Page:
IDEAS home Printed from https://ideas.repec.org/p/zbw/glodps/179.html
   My bibliography  Save this paper

Data Gaps, Data Incomparability, and Data Imputation: A Review of Poverty Measurement Methods for Data-Scarce Environments

Author

Listed:
  • Dang, Hai-Anh
  • Jolliffe, Dean
  • Carletto, Calogero

Abstract

We offer a review of methods that have been employed to provide poverty estimates of poverty in contexts where household consumption data are unavailable or missing. These contexts range from completely missing and partially missing consumption data in cross sectional household surveys, to missing panel household data. We focus on methods that aim to compare trends and dynamic patterns of poverty outcomes over time. We present the various existing methods under a common framework, with pedagogical discussion on the intuition. Empirical illustrations are provided using several rounds of household survey data from Vietnam. Furthermore, we also offer a practical guide with detailed instructions on computer programs that can be used to implement the reviewed techniques.

Suggested Citation

  • Dang, Hai-Anh & Jolliffe, Dean & Carletto, Calogero, 2018. "Data Gaps, Data Incomparability, and Data Imputation: A Review of Poverty Measurement Methods for Data-Scarce Environments," GLO Discussion Paper Series 179, Global Labor Organization (GLO).
  • Handle: RePEc:zbw:glodps:179
    as

    Download full text from publisher

    File URL: https://www.econstor.eu/bitstream/10419/173752/1/GLO-DP-0179.pdf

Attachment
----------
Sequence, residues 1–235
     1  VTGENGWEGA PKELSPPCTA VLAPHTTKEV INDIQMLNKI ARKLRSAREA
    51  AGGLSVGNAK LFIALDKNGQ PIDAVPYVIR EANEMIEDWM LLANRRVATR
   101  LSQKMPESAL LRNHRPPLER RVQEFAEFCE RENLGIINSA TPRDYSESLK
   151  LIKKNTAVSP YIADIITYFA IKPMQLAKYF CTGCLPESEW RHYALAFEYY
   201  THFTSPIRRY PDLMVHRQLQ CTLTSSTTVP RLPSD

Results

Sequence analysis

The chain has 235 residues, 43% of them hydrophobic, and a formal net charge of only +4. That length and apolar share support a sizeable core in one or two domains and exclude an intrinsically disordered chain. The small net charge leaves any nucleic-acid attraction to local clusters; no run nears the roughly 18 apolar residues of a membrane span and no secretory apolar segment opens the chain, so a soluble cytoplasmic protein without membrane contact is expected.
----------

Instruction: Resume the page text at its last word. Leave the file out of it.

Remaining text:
Download Restriction: no

    Other versions of this item:

    References listed on IDEAS

    as
    1. Brown, Caitlin & Ravallion, Martin & van de Walle, Dominique, 2018. "A poor means test? Econometric targeting in Africa," Journal of Development Economics, Elsevier, vol. 134(C), pages 109-124.
    2. Gustafsson, Björn & LI, Shi & Sato, Hiroshi, 2014. "Data for studying earnings, the distribution of household income and poverty in China," China Economic Review, Elsevier, vol. 30(C), pages 419-431.
    3. Dang,Hai-Anh H. & Lanjouw,Peter F. & Serajuddin,Umar & Dang,Hai-Anh H. & Lanjouw,Peter F. & Serajuddin,Umar, 2014. "Updating poverty estimates at frequent intervals in the absence of consumption data : methods and illustration with reference to a middle-income country," Policy Research Working Paper Series 7043, The World Bank.
    4. Bierbaum, Mira & Gassmann, Franziska, 2012. "Chronic and transitory poverty in the Kyrgyz Republic: What can synthetic panels tell us?," MERIT Working Papers 064, United Nations University - Maastricht Economic and Social Research Institute on Innovation and Technology (MERIT).
    5. Tarozzi, Alessandro, 2007. "Calculating Comparable Statistics From Incomparable Surveys, With an Application to Poverty in India," Journal of Business & Economic Statistics, American Statistical Association, vol. 25, pages 314-336, July.
    6. Francisco H. G. Ferreira & Shaohua Chen & Andrew Dabalen & Yuri Dikhanov & Nada Hamadeh & Dean Jolliffe & Ambar Narayan & Espen Beer Prydz & Ana Revenga & Prem Sangraula & Umar Serajuddin & Nobuo Yosh, 2016. "A global count of the extreme poor in 2012: data issues, methodology and initial results," The Journal of Economic Inequality, Springer;Society for the Study of Economic Inequality, vol. 14(2), pages 141-172, June.
    7. Martin Rama & Tara Béteille & Yue Li & Pradeep K. Mitra & John Lincoln Newman, 2015. "Addressing Inequality in South Asia," World Bank Publications, The World Bank, number 20395.
    8. Nayoung Lee & Geert Ridder & John Strauss, 2017. "Estimation of Poverty Transition Matrices with Noisy Data," Journal of Applied Econometrics, John Wiley & Sons, Ltd., vol. 32(1), pages 37-55, January.